Bitcoin in El Salvador, the Venezuelan lettuce market and an order to Chinese millionaires.
It’s Friday and your mailbox knows it! Here are our best readings of the week, with eñes and accents, that you won’t find anywhere else.
Don’t worry about money, said a friend’s father. Then he finished: there is none.
But we all worry about money. And that eagerness not only fuels our daily work, the entrepreneurial spirit, the tax packages, organized crime. It also drives creativity and innovation.
El Salvador this week became the first country in the world to use a cryptocurrency, bitcoin, as legal tender. President Nayib Bukele said the measure would give greater financial independence to the country, which has a dollarized economy.
Crypto what? In simple terms, bitcoin is a digital currency that can be used to save and buy. no need for a traditional financial intermediary.
In Venezuela, where stratospheric inflation complicates the simplest financial operations, people turns to an informal ‘lettuce’ economy, the clever term used to refer to dollars in code.
In China, faced with stagnant economic growth and discontent over the income gap and lack of opportunities, President Xi Jinping has called for millionaires donate some of their wealth and contribute to the “shared prosperity” plan.
The solution to money problems, however, is not as simple as giving a digital wallet to an entire country, creating a parallel market for dollars out of necessity, or reaching into the pockets of entrepreneurs in one of the world’s largest economies. big on the planet.
International organizations, for example, fear that a cryptocurrency in El Salvador will open the door to money laundering and other financial crimes. In Venezuela, the fees for moving dollars in an unregulated market are high and there is no protection against hyperinflation. And experts suggest that the Chinese government, instead of asking for donations, could introduce property and income taxes on the wealthiest.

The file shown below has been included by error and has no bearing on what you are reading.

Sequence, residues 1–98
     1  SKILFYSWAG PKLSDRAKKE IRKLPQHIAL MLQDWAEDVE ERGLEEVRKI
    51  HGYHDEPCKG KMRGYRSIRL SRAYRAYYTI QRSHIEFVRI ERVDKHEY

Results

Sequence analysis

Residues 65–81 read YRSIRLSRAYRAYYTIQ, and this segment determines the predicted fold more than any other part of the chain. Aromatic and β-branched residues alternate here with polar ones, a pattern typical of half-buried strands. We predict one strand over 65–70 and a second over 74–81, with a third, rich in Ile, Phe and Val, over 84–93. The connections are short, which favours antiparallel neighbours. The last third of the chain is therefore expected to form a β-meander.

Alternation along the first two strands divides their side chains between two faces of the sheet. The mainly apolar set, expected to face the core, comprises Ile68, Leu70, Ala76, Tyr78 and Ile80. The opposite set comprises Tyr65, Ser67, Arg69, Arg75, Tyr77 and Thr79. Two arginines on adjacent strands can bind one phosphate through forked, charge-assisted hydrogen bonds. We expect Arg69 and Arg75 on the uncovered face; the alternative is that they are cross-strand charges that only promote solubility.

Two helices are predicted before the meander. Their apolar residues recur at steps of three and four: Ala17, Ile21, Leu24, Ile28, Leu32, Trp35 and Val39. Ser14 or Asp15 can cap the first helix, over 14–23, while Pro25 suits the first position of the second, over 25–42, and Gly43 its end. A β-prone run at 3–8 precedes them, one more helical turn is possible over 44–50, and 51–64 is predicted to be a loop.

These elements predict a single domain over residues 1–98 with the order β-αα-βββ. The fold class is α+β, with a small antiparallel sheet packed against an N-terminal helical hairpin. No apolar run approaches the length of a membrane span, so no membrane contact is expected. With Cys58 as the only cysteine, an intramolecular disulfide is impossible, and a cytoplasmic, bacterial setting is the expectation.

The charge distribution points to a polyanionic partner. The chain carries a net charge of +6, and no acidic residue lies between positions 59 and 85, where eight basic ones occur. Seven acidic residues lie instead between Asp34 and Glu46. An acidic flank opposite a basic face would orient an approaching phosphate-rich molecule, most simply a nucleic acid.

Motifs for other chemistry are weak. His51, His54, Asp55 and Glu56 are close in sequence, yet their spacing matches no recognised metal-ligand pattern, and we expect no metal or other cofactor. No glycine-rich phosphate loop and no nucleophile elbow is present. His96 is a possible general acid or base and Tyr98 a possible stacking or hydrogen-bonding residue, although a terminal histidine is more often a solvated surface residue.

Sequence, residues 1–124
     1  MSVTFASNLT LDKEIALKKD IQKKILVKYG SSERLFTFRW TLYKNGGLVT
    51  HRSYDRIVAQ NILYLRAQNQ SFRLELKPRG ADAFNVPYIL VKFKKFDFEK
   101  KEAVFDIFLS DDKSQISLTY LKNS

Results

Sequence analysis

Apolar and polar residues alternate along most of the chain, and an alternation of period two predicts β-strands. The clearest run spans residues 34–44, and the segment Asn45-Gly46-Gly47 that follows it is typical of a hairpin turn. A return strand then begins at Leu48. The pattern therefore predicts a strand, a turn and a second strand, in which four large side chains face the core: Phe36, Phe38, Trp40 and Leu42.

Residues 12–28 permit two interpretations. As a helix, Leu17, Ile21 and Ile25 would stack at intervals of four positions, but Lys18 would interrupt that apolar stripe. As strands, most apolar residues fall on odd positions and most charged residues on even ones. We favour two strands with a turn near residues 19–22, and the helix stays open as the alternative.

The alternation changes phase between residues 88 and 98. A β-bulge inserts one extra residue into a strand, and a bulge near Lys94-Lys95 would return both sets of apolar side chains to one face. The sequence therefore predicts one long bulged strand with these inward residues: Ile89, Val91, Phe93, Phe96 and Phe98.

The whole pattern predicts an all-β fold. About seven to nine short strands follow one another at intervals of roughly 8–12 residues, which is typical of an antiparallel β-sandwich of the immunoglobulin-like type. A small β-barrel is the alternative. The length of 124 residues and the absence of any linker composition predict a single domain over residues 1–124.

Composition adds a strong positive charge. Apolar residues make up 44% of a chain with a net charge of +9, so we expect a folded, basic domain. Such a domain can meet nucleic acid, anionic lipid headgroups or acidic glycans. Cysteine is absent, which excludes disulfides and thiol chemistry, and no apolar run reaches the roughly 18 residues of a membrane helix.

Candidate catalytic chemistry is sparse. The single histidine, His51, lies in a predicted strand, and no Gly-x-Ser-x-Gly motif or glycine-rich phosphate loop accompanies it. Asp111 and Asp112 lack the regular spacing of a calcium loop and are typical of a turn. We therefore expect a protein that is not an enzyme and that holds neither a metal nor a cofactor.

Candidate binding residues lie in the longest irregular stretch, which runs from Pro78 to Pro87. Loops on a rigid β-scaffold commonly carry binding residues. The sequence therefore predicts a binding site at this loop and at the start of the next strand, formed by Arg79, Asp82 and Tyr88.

By the way: talking about money with your partner can be uncomfortable but it is key to a healthy relationship. here we tell you how to do it.
California at a crossroads
California Democratic Governor Gavin Newsom faces a recall process. On Tuesday, September 14, voters will decide whether to leave office. The state has a peculiar history of direct democracy and a particular fondness for recalls: every state governor since 1960 has faced a challenge to their mandate at the polls.
Latinos, who make up a third of the electorate in California, they have not shown much interest in participating. Newsom has the image of a millionaire disconnected from ordinary people and has not been able to mitigate the effect of the pandemic among the Hispanic population, which has suffered more hospitalizations and deaths from covid in addition to unemployment.
For those who read us in the golden state, here is a guide on how to vote.
If you wonder what happened to that other millionaire who became governor of California after another recall — Arnold Schwarzenegger— here is something for you.
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PS: When we were preparing this edition, our colleague Juliana Barbassa suggested listening to the song “Não Quero Dinheiro” by Tim Maia and so suddenly we ended the afternoon compiling a series of songs about money. Which would you add?
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